Key message from Lamarca et al., The Lancet Oncology 2021, 22: 690-701:
- This is the first randomised trial which supports the use of second line chemotherapy in patients with advanced biliary tract cancers whose cancers have progressed on standard first-line Gemcitabine and Cisplatin chemotherapy in the absence of an available clinical trial or targetable mutations.
- Patients with advanced biliary tract cancer receiving second-line FOLFOX chemotherapy and active symptom control (ASC) are more than twice as likely to be alive at 12 months compared to those on ASC alone, with a modest increase in treatment-related side effects.
Discussion points from expert reviewer, A/Prof Zee Wan Wong
- The prognosis for advanced biliary tract cancer (including cholangiocarcinoma and cancers of the gallbladder and ampulla of Vater) is very poor. Patients with advanced biliary cancer often experience rapid decline following progression on first-line chemotherapy and only 15-25% are offered second line treatment. Currently, there is no standard second line therapy for patients who have progressed, apart from early identification of potentially targetable mutations which are not routinely funded outside of clinical trials in addition to ASC or management of biliary tract and cancer-related complications and symptoms.
- This study evaluated the benefit of receiving second line chemotherapy treatment once the cancer has progressed following first line cancer therapy.
- The trial enrolled 162 fit patients across 20 centres, aged 18 or older in the UK with good performance status (ECOG 0-1) who were randomised to FOLFOX chemotherapy (Oxaliplatin, Leucovorin and 5-Fluorouracil) given every 2-weekly for a maximum of 12 cycles and ASC versus ASC alone.
- The majority (>80%) of patients in the trial had metastatic disease (cancer which has spread beyond the biliary tract to other organs) with the commonest cancer type (>40%) being intrahepatic cholangiocarcinoma (cancer arising from bile ducts within the liver).
- Results from the trial found that more patients were alive at 6 and 12 months if they received FOLFOX and ASC compared with ASC alone (50.6% vs 35.5% and 25.9% vs 11.4% respectively), even though the absolute median overall survival benefit was modest (6.2 months vs 5.3 months).
- There was a higher rate of severe side effects in the chemotherapy group (69% versus 52%).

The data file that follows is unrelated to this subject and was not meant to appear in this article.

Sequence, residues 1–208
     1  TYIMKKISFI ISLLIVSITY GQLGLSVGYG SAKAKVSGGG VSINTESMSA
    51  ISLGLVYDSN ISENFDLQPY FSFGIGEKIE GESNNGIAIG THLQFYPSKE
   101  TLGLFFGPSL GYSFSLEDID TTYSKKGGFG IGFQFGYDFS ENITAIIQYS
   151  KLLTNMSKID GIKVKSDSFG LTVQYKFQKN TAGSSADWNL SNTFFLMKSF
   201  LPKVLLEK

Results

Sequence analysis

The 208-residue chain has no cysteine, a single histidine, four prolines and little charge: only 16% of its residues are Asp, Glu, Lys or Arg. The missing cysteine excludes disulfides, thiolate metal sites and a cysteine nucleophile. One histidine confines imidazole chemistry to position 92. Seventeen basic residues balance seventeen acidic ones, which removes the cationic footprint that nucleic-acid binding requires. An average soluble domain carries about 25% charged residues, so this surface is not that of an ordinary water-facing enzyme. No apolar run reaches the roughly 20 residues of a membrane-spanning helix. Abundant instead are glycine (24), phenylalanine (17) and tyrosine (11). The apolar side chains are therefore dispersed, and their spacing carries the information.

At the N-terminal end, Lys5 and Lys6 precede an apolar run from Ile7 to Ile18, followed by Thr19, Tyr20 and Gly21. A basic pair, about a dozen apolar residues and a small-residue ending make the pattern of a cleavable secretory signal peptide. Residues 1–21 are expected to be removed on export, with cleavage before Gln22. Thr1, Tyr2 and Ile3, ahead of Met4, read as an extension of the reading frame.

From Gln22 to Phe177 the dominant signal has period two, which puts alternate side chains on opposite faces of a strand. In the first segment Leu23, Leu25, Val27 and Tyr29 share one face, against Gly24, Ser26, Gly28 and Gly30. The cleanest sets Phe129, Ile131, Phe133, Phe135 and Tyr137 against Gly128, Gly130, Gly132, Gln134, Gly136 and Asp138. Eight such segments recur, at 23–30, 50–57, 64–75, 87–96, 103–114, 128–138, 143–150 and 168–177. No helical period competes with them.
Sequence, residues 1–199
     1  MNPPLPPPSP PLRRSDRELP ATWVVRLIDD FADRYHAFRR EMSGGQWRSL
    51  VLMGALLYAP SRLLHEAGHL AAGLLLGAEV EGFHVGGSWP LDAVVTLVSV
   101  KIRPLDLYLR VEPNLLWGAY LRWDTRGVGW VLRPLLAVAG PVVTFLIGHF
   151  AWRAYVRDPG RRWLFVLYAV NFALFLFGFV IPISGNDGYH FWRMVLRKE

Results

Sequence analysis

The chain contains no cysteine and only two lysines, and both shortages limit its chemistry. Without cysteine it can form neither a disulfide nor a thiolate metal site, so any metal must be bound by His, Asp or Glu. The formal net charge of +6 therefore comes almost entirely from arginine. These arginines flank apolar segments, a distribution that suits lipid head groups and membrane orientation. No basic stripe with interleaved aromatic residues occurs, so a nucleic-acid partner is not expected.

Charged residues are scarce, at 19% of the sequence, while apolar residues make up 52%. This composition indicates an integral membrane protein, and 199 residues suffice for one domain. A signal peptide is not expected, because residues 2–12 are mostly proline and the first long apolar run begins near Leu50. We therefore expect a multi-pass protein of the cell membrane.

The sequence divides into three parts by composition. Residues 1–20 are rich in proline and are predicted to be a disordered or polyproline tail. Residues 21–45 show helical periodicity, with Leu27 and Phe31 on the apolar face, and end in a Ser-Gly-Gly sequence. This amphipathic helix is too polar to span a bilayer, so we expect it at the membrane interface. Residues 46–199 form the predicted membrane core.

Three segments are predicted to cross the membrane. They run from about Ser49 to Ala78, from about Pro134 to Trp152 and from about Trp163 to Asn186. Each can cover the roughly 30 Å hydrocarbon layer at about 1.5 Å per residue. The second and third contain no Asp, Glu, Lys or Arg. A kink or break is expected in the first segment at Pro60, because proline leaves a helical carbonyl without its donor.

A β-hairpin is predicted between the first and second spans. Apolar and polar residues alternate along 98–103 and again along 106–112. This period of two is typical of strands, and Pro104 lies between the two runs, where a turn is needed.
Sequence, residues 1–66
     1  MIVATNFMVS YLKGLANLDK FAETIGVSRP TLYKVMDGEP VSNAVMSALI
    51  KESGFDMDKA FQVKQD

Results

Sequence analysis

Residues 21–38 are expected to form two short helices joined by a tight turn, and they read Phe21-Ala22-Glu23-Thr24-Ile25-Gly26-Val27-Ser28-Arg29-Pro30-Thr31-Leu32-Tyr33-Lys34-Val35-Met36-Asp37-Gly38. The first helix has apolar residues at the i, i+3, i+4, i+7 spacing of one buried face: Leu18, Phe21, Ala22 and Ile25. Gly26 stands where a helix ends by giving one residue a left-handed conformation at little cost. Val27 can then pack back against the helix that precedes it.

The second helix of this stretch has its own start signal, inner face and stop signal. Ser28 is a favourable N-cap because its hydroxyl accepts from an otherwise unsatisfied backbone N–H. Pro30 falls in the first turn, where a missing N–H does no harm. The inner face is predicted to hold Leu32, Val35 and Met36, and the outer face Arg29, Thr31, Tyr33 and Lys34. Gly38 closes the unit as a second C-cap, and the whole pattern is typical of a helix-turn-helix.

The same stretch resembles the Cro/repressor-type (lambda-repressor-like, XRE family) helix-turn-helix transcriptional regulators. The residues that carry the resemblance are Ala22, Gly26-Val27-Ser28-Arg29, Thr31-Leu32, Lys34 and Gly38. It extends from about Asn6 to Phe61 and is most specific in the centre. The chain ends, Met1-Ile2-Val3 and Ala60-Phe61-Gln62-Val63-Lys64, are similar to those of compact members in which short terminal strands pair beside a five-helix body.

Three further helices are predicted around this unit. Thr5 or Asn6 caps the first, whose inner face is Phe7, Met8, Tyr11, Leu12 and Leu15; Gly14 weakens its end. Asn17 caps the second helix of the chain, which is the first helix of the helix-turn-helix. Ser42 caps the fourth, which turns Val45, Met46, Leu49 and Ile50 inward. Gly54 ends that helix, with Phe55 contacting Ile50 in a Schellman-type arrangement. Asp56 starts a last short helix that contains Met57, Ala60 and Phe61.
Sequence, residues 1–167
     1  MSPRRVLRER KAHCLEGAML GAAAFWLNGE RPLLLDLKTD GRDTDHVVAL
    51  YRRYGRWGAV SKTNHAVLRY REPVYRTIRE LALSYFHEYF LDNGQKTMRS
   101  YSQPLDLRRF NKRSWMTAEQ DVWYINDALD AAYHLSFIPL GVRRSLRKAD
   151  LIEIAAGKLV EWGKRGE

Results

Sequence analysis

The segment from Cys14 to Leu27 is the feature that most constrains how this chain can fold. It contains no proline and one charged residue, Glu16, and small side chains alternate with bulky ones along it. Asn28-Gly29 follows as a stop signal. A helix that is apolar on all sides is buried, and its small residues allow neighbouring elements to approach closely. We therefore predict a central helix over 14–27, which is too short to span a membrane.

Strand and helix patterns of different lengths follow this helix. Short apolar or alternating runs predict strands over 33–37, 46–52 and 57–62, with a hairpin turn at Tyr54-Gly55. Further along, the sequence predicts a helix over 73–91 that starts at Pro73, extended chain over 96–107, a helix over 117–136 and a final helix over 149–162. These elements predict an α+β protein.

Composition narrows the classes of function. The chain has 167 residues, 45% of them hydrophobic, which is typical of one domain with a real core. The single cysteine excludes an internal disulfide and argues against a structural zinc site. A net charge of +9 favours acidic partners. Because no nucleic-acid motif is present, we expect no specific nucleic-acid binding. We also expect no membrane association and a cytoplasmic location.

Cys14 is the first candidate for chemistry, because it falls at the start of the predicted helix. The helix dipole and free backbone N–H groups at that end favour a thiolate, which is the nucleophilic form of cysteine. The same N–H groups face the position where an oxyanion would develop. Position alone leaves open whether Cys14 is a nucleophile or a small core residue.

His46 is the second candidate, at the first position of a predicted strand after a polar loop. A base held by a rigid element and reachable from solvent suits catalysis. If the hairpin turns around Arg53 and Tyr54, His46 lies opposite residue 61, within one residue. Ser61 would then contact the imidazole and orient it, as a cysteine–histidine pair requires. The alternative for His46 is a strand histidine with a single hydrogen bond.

- Molecular profiling and the use of targeted therapies (ie. FGFR2 and IDH1 inhibitors) were not available for participants on this study.
About Associate Professor Zee Wan Wong, Pancare Medical Advisor
A/Prof Zee Wan Wong is the Head of the Oncology Unit at Peninsula Health and the Joint Clinical Director of Southern Melbourne Integrated Cancer Services. She is passionate about improving outcomes of cancer patients and has key interests in breast and gastrointestinal cancers.
Zee Wan is a current board member of Cancer Trials Australia. Besides being actively involved in clinical trials, she is a member of the AGITG Lower GI Working Group and BCT NeoN Steering Committee. In addition to being on the Steering Committee of the Victorian Tumour Summits, she is also part of the Working Groups for both the Colorectal and Oesophagogastric Tumour Summits. Zee Wan co-chairs the Victorian COVID-19 Cancer Network (VCCN) Taskforce and the VCCN Telehealth Expert Working Group. She also holds memberships for the Cancer Expert Reference Group and the Medical and Scientific Committee of Cancer Council Victoria. Zee Wan has presented at both local and international cancer conferences and has numerous publications to her name.
A Lamarca, D H Palmer, H S Wasan, P J Ross, Y T Ma, A Arora, S Falk, R Gillmore, J Wadsley, K Patel, A Anthoney, A Maraveyas, T Iveson, J S Waters, C Hobbs, S Barber, W D Ryder, J Ramage, L M Davies, J A Bridgewater, J W Valle, on behalf of the Advanced Biliary Cancer Working Group. Second-line FOLFOX chemotherapy versus active symptom control for advanced biliary tract cancer (ABC-06): a phase 3, open-label, randomised, controlled trial. Lancet oncol 2021, 22: 690-701.
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